What’s Your Summer Plan?

Vermont offers dozens of different programs around the state –– no matter what you are into, Vermont has something fun for you to do during your summer break. With a little planning and organization, you’re bound to have the best summer yet.
One great option is the Kids Culinary Camp in South Hero, but there are countless programs around the state that cater to specific interests.
Hidden close to the Canadian border, the Kids Culinary Camp is a haven of cuisine, science and friendly people.
For those aspiring chefs and restauranteurs and also for those who just want to learn a thing or two about the culinary world, the Kids Culinary Academy is for you. With a farm of 80 chickens, cows, a pig and piglets, lama, and 2 alpacas, and a aquaponic garden that uses no pesticides or chemicals, students not only learn about the art of cooking but also learn the sciences of growing your own food.
The camp is owned by Chef Kelly Dietrich, (Chef/Owner of Souza’s Churrascaria in Burlington).
Madison Fischuck of Vermont was granted a scholarship to the program “I want to be a chef and I heard that the Chef was offering free scholarships on the news so I applied,” she said.
Other campers are from around the country, from Georgia, VT to Georgia, USA.
Students learn everything from knife skills to kitchen ethics and healthy eating habits plus they get to meet an amazing community of people.
Campers will meet most of Chef Dietrich’s family, who participate in different aspects of the camp.
While campers gain a true learning experience during the stay at the camp, they are also there to enjoy their summer breaks.
“But this is supposed to be fun, right?” Chef Dietrich askes campers as he drops the whisk he is using to drizzle icing on fresh baked danishes and dips his fingers into the icing, inviting campers to do the same.
While students finish their morning cooking, counselors prepare a fresh and healthy lunch for some relaxation before they head out for activities.
In addition to morning cooking, students go on day trips to Vermont destinations like the Lake Champlain Chocolate Factory (Burlington) and the Ben and Jerry’s Factory (Waterbury).
Students demonstrate passion their through their knowledge of food and cooking.
“One wrong ingredient and the chocolate is ruined,” said a camper as she finished kneading her bread.
Though students are welcome to eat as much of the food they prepare as they want, there is always a lot of leftovers, but nothing goes to waste –– leftovers often find their way to neighbors.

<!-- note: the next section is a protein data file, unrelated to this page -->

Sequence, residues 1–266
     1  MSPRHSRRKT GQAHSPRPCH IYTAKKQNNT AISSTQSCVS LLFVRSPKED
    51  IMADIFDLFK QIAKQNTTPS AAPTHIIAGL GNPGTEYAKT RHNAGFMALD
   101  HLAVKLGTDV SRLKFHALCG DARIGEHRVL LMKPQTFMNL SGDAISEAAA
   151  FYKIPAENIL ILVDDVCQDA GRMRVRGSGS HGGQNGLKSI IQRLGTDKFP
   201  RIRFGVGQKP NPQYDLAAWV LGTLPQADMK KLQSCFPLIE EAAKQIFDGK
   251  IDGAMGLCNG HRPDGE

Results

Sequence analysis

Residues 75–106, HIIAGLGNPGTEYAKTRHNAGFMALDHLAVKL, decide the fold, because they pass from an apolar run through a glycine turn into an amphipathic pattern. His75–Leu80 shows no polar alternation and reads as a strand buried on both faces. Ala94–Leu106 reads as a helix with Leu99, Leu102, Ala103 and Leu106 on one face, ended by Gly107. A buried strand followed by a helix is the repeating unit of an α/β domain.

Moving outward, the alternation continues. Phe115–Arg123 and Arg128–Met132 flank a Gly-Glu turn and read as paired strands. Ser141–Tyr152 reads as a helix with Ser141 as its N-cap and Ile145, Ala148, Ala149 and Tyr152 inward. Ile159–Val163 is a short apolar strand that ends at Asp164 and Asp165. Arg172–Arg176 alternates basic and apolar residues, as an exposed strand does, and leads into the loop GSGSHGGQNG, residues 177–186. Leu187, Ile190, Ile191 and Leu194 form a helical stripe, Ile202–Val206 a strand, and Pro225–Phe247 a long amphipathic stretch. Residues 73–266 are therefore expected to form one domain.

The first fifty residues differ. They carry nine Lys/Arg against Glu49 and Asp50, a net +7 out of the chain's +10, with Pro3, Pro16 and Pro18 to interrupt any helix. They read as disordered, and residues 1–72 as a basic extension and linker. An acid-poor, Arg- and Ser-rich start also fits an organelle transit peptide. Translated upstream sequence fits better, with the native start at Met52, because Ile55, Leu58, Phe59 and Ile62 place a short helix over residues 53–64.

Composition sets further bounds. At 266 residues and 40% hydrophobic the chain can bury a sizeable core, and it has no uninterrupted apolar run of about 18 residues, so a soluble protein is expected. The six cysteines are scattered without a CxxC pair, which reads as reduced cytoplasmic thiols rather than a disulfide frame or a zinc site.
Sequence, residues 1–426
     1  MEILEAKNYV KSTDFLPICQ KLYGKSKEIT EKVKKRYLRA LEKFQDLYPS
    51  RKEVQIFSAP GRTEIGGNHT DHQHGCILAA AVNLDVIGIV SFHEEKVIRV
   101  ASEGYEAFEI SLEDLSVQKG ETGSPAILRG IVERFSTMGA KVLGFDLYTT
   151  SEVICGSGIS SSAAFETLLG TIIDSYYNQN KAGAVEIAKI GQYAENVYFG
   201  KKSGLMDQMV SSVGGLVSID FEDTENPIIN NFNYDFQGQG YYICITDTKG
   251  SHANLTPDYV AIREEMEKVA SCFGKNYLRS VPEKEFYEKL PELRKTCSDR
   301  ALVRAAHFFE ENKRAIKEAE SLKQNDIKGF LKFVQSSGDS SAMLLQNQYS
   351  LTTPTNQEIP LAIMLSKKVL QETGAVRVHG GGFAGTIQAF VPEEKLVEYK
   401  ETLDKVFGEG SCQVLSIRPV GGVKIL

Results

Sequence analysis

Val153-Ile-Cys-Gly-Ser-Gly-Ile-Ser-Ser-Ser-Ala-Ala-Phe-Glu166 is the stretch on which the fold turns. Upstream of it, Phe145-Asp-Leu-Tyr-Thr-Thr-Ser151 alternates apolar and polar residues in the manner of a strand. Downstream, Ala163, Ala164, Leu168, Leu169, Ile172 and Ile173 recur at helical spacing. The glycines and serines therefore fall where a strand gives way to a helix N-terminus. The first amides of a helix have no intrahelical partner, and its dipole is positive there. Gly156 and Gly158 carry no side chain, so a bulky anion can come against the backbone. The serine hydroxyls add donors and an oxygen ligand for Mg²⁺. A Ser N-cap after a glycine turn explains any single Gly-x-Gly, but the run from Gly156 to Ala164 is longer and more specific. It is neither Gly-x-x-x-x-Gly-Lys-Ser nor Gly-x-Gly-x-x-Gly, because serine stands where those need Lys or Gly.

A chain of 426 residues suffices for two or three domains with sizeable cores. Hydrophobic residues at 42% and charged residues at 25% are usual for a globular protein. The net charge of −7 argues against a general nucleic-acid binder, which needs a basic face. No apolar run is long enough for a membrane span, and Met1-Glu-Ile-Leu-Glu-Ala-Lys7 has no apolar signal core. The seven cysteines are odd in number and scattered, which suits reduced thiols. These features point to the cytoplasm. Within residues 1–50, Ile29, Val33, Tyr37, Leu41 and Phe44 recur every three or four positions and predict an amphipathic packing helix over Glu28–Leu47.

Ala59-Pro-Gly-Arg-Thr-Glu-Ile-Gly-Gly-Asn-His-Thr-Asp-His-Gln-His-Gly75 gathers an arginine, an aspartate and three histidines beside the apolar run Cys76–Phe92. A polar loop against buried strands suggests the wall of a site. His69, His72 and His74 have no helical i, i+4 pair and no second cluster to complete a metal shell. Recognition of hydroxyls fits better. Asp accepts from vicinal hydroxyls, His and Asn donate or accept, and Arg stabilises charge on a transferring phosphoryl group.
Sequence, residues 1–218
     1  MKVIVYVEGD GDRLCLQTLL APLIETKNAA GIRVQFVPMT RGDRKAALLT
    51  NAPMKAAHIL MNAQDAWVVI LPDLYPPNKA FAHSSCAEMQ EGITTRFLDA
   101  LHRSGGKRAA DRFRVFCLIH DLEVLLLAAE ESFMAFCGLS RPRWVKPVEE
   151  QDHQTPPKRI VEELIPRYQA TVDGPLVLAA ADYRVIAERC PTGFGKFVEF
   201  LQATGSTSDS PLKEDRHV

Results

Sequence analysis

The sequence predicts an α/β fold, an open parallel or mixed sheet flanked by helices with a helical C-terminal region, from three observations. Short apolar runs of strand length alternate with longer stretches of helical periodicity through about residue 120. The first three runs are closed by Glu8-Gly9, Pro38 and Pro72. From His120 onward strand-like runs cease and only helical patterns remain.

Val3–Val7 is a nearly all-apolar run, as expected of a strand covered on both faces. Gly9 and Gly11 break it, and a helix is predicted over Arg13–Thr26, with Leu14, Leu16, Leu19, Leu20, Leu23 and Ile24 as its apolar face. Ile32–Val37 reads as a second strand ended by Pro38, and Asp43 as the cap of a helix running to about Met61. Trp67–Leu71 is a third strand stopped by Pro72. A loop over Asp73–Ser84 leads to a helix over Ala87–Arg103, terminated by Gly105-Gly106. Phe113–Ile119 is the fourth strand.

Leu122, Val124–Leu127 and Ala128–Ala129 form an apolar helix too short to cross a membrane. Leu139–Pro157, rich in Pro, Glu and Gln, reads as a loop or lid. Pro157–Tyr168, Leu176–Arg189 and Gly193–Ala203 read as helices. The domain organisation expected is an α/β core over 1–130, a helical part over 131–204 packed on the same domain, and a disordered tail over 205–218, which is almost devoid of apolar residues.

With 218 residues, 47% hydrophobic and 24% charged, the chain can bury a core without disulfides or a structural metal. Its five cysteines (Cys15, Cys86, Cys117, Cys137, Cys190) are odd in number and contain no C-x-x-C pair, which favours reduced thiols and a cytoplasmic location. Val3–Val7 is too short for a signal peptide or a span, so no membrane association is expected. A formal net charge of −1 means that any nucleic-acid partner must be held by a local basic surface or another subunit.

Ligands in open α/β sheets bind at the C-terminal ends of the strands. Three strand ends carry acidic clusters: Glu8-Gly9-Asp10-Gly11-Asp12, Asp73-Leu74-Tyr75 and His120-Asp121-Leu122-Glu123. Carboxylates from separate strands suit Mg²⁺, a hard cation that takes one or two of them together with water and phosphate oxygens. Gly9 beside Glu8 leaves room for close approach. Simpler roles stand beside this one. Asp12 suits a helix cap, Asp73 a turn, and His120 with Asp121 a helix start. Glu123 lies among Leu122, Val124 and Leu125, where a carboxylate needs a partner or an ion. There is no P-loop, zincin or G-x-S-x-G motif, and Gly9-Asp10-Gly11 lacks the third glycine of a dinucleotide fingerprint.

“There are a lot of happy people in this town,” the chef’s wife, who also works at the camp, said.
Campers also learn the basics of composting in order to prevent waste.
Outside the house where all the campers stay is a farm area where vegetables are grown and the animals are housed. Chef Dietrich’s brother is out there making sure everything is running smoothly.
“It’s a lot of work, but we love to do it,” he said.
Governor’s Institute of Vermont on Arts
The Governor’s Institute on the Arts was founded about 25 years ago to allow Vermont students to explore and enhance their talents in the arts. This summer program, which is held at Castleton State College, encourages students to challenge themselves within areas of visual and performing arts while surround students with professional artists. Around 130 students enroll each summer from every high school around the state. Students must apply and the program costs $950, however, scholarships and financial aid are available. Art not your thing? The Governor’s Institute also offers programs around the state in a variety of subject areas ranging from Asian Studies to Information Technology.
Camp Betsey Cox:
Camp Betsey Cox is a traditional all-girls overnight camp that offers about 20 activities options each day. Campers are encouraged to be independent and select the programs that they participate in on a daily basis. Activities range from arts and crafts, aquatics, sports, and gardening. Campers are allowed to embrace their interests. Depending on your length of stay, costs range from $1700 to $6800, though scholarships are offered on an as need basis. The Betsey Cox girl is “someone who wanders around barefoot, is into every activity, I’m a school teacher and these girls seem very smart and self motivated.”
Vermont Adventure Camps
Love the great outdoors but never have time to explore it while you’re in school? Vermont Adventure Camps offers 12-day programs for students ages 15-17 in Windsor County. Campers spend a week and a half in nature going on hikes, canoeing, learning about the sciences and enhancing their photography skills. The program costs $1450, however students learn a variety of skills and get to engage in a wide variety of outdoor activities.
Camps not your thing?
Try volunteering. Contact your local firehouse, library, soup kitchen, hospital, prison, animal shelter, senior center, state park, or nonprofit organization to plan out you own summer of volunteering and learning.
Volunteer work is rewarding and leads to endless opportunities. Whether you’re interested in protecting the environment or just want to learn about the Dewey decimal system, there is volunteer opportunity for you –– if don’t know what’s in your area, the Yellow Pages are a great place to start.
Summer Planning Tip: Don’t wait until the last minute! It doesn’t matter if you’re participating in a summer program, volunteering at a local organization or finding a summer job, planning should begin around February! Spaces and jobs fill up fast and you don’t want to have to juggle final exams with planning your summer in May.